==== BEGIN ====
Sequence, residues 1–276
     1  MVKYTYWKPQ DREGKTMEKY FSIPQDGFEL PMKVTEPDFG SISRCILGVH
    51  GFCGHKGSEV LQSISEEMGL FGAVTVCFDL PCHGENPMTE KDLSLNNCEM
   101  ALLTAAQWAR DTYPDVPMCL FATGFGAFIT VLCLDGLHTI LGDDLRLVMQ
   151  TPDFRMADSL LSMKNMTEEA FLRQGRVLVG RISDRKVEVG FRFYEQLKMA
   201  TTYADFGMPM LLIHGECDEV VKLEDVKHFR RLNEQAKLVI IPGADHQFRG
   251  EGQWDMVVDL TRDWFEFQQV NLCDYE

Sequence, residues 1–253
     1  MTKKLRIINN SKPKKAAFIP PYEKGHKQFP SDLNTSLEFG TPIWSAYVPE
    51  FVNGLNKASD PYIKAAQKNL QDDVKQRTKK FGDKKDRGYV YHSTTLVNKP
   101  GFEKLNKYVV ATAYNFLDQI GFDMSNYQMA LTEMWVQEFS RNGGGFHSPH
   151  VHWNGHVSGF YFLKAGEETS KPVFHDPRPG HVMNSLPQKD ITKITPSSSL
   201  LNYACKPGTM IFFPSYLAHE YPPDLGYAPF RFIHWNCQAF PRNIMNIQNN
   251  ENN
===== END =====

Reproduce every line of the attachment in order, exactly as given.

Sequence, residues 1–276
     1  MVKYTYWKPQ DREGKTMEKY FSIPQDGFEL PMKVTEPDFG SISRCILGVH
    51  GFCGHKGSEV LQSISEEMGL FGAVTVCFDL PCHGENPMTE KDLSLNNCEM
   101  ALLTAAQWAR DTYPDVPMCL FATGFGAFIT VLCLDGLHTI LGDDLRLVMQ
   151  TPDFRMADSL LSMKNMTEEA FLRQGRVLVG RISDRKVEVG FRFYEQLKMA
   201  TTYADFGMPM LLIHGECDEV VKLEDVKHFR RLNEQAKLVI IPGADHQFRG
   251  EGQWDMVVDL TRDWFEFQQV NLCDYE

Sequence, residues 1–253
     1  MTKKLRIINN SKPKKAAFIP PYEKGHKQFP SDLNTSLEFG TPIWSAYVPE
    51  FVNGLNKASD PYIKAAQKNL QDDVKQRTKK FGDKKDRGYV YHSTTLVNKP
   101  GFEKLNKYVV ATAYNFLDQI GFDMSNYQMA LTEMWVQEFS RNGGGFHSPH
   151  VHWNGHVSGF YFLKAGEETS KPVFHDPRPG HVMNSLPQKD ITKITPSSSL
   201  LNYACKPGTM IFFPSYLAHE YPPDLGYAPF RFIHWNCQAF PRNIMNIQNN
   251  ENN